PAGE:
Keshiki Bonsai: The Easy, Modern Way to Create Miniature Landscapes
After reading this book I’m ready to try my hand at one of the garden arts I had considered beyond my ability.
New York Times Book Review
Traditional bonsai can be complicated, time consuming, expensive, and steeped in history and tradition. But at its simplest, it's really just a planting done in a container.
Keshiki bonsai is a revolutionary approach that involves creating living pieces of art using readily available plants and containers. This dazzling book features 37 stylish projects with easy, step-by-step instructions that anyone can follow. The projects start simple, with five designs that feature moss combined with unique containers. Readers then move on to six designs combining moss, small trees, and containers. The next ten projects add perennials to the mix, and the final projects have it all: moss, trees, perennials, and stones. Each project is made with a wide variety of containers, from the most delicate, artisan clay pot to a repurposed ramekin and a simple box.
Previously, the techniques, tips, and insights of keshiki bonsai were available only to Japanese enthusiasts. Now, for the first time, Western readers can join in creating these miniature masterpieces. Learn how a garden, a forest, or even a stream can come to life within the bounds of a small container.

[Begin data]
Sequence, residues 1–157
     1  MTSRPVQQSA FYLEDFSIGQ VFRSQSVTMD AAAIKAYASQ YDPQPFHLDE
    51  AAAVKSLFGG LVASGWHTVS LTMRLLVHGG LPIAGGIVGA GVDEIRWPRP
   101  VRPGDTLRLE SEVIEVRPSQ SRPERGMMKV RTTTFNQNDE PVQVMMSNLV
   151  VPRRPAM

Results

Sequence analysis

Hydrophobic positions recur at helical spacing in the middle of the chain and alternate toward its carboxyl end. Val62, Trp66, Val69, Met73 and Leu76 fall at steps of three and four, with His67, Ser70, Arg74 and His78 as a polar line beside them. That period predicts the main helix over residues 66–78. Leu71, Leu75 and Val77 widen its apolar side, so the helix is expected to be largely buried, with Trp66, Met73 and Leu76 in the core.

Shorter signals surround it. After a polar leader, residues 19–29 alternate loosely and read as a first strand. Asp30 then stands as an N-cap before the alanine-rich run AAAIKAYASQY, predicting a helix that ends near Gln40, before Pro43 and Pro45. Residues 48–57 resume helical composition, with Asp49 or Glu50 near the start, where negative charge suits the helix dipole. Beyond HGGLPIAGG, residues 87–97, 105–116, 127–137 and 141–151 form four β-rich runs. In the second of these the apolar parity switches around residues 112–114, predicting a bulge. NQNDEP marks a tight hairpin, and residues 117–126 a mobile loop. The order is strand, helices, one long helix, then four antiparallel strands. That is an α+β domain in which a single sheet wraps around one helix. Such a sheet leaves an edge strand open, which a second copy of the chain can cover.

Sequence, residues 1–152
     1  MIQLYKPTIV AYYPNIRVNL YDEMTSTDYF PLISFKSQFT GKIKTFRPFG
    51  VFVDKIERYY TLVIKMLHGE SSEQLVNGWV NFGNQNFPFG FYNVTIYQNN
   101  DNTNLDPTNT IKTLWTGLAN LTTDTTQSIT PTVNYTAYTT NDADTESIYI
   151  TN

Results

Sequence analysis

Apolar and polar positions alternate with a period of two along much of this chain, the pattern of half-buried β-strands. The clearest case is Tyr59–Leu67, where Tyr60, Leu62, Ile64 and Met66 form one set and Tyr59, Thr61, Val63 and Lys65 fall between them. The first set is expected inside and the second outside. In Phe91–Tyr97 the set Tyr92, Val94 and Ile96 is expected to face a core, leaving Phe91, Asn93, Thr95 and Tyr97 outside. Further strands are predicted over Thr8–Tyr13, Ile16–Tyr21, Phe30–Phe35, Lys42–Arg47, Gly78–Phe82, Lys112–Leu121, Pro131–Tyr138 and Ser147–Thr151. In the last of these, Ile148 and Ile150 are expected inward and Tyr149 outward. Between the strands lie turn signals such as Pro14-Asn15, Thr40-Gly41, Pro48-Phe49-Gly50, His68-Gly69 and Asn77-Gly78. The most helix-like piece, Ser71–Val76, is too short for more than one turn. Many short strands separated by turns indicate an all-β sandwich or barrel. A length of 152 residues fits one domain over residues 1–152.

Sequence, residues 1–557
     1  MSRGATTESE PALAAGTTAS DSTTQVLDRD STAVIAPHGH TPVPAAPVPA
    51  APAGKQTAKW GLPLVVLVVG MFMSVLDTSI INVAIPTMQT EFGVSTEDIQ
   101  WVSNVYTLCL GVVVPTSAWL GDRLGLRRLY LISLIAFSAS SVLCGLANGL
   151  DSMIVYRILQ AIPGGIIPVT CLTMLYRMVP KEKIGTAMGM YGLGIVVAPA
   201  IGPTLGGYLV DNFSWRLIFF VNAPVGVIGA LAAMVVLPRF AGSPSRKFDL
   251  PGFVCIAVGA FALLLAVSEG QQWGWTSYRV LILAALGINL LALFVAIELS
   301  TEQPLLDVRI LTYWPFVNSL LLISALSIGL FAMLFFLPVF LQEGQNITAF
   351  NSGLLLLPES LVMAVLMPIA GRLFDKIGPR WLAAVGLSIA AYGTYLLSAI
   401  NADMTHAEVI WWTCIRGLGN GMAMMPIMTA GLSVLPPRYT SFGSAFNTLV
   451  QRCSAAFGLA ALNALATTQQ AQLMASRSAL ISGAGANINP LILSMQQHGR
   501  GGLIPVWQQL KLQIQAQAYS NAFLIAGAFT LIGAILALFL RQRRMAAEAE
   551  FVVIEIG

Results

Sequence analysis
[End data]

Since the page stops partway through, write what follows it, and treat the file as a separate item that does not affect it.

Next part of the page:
- Format: Paperback
- Pages: 176 pp.
- Book dimensions: 7 x 9½ in. (240 x 180 mm.)
- Images: 536 color photos
- ISBN-10: 1604693592
- ISBN-13: 9781604693591
- Product code: 689359
Want to see inside the book?View book preview.
"I must admit that after reading [Kobayashi's] book I’m ready to try my hand at one of the garden arts I had considered beyond my ability. ... One gets a nice feel for his enchanting personal landscape, a sort of bonsai gestalt that may inspire many more trees to be grown in Brooklyn."
—New York Times Book Review
"These miniature gems ... are tiny enough to fit anywhere yet bold enough to make a dynamic impact."
"Contains easy-to-follow, step-by-instructions to create counter-intuitive (and simplified) bonsai landscapes."